Church for it’s various followers is both a sacred space and a community space. Transcendence and community are two sides of the same religious coin.
Growing up Catholic in London, England during the 50’s and 60’s I was very aware of the church as a sacred space. The antiquity of the churches exuded an atmosphere of age and stillness that enhanced the meditative spirit. The repetitive intoning of the liturgy at mass, in Latin and then English, induced a prayerful state of consciousness and belief in a creator.After decades of attending daily and weekly Catholic liturgies I had only to step into the church space to automatically transform my mind into meditative reflection.
At one point in time I used to attend daily mass. Daily mass at St. John of the Cross Church was held in a side altar, as only about thirty people attended. I remember on one occasion a woman attending daily mass with her very young baby. The baby cried and cried and I found myself unable to pray. So I approached the woman and asked if I could take the baby outside in the hallway. The woman gratefully handed me the baby and I walked up and down the corridor, outside the main church, clutching the baby to my chest with a slight rocking motion. The baby was soon fast asleep and I was able to return to praying. She entered the hallway after mass, accepted the baby while offering a heart felt thank you and proceeded on her way.
Sometime in the eighties the sense of the Catholic Church as a sacred space began to change. People sitting in church before mass would start to talk and exchange pleasantries on their week. The atmosphere was changed from one of prayerful reflection to a community hall setting. I used to spend some evenings in church before the tabernacle meditating on the life of Jesus for an hour. But I discontinued this practice as groups of people would come into the church, presumably from the church meeting rooms, and continue to chat, presumably still discussing their meeting. Call me old fashioned, but I think that the communal rooms of the church should be separated from the sacred space and its members act accordingly.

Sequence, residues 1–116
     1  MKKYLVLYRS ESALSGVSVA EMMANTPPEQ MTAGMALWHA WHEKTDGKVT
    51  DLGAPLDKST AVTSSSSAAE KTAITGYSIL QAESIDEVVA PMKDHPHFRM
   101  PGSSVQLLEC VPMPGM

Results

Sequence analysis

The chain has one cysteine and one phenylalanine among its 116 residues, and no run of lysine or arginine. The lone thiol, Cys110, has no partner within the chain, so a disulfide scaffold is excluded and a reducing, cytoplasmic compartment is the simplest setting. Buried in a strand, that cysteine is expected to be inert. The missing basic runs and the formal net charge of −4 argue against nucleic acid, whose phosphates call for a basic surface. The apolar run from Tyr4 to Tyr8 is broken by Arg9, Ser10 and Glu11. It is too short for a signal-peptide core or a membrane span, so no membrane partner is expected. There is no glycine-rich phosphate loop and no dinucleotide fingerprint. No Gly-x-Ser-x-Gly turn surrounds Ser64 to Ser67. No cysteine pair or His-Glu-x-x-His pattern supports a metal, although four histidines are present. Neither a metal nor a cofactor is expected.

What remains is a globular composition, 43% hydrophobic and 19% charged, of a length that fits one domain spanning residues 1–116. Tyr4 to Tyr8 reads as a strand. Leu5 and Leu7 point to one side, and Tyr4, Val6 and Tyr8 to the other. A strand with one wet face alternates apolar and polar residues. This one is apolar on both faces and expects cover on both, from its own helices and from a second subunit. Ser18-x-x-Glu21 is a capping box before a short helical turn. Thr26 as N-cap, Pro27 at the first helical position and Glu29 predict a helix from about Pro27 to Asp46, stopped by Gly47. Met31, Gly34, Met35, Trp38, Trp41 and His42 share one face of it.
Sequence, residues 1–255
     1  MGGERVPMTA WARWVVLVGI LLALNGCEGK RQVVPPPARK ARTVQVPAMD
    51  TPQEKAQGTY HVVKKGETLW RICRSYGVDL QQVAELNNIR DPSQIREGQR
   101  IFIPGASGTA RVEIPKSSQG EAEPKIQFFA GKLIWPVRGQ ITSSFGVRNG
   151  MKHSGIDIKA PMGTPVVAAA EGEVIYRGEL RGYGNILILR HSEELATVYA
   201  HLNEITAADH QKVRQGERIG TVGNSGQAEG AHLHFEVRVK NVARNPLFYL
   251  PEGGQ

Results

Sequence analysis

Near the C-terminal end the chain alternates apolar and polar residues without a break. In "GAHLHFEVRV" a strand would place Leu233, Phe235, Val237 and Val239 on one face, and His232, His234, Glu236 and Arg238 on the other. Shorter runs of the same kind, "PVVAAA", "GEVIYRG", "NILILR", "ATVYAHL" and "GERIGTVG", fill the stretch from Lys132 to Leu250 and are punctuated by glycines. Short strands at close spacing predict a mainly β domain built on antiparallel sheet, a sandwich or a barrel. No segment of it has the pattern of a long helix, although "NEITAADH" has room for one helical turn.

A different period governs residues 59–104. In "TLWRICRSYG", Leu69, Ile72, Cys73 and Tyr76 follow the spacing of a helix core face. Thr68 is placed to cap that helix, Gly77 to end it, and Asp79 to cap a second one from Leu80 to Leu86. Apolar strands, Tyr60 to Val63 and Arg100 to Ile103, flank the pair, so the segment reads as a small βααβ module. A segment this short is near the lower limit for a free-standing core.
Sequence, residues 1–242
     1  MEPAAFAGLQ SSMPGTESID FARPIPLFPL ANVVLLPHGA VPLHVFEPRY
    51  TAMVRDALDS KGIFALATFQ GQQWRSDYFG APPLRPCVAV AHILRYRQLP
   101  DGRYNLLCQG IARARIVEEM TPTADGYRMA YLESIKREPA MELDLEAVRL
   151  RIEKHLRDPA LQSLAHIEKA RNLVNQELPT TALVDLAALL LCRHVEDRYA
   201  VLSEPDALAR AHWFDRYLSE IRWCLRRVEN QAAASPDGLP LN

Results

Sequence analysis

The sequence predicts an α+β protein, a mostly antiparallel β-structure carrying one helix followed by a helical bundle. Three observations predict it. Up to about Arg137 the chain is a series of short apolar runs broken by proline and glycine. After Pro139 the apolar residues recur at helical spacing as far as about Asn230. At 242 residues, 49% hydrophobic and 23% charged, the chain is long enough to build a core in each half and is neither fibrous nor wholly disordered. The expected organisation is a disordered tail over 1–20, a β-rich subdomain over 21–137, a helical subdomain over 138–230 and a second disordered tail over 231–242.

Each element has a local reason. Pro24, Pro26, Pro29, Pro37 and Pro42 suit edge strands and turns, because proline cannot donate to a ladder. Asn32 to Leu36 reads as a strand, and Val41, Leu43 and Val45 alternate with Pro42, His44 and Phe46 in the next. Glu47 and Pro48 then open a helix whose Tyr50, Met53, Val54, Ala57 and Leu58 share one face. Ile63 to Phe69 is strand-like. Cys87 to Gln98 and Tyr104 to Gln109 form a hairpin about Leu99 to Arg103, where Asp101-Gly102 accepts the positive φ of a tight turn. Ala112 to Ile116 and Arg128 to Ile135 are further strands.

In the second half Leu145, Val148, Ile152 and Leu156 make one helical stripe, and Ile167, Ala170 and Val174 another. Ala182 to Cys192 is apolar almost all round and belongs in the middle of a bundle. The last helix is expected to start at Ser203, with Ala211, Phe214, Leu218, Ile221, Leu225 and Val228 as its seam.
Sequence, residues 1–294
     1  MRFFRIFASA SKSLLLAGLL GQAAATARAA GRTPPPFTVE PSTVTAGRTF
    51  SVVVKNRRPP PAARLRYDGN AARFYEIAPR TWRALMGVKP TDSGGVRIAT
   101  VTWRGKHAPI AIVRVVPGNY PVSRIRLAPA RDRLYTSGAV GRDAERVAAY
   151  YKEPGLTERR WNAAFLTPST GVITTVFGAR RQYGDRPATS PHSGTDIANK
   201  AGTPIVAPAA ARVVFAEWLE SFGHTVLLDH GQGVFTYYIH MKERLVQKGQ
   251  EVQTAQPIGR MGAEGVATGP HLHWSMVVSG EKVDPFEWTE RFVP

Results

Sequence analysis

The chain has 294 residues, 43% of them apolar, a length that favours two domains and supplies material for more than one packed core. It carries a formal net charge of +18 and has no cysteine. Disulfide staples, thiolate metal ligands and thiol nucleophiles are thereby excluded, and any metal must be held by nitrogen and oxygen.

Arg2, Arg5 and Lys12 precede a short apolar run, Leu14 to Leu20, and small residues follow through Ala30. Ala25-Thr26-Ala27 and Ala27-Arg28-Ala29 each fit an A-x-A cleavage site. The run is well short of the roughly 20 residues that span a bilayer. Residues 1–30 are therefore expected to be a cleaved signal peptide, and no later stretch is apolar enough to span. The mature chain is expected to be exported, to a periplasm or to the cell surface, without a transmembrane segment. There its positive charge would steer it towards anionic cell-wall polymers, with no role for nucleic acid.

I left the Catholic Church because of the lack of credibility of the institutional hierarchy in regard to child abuse. My daughter left the Catholic Church because she was looking for community and could not find it in the Catholic Church. She now attends Grace Community Church which has a smaller congregation and lots of clubs and communal interaction. She finds the Sunday services very motivating.
My fourteen year old grandson attended some of the services of Grace Community Church but found it boring. He said it was just some guy dressed in jeans doing a lot of talking on stage. He asked if I would take him to Sunday Mass at the Catholic Church as he found this more inspiring. I had not attended Mass regularly for about ten years. So for the last six weeks we have been discovering together a new sense of the liturgy of the Catholic Church.
Different people have a different sense of church. Some like church to be a sacred space, infused with a sense of awe and wonder, to transcend our everyday experience and bring us closer to the divine. Others see church as a community with a shared sense of values and find the divine in supporting and motivating each other. Of course the Church is both Transcendent and Communal.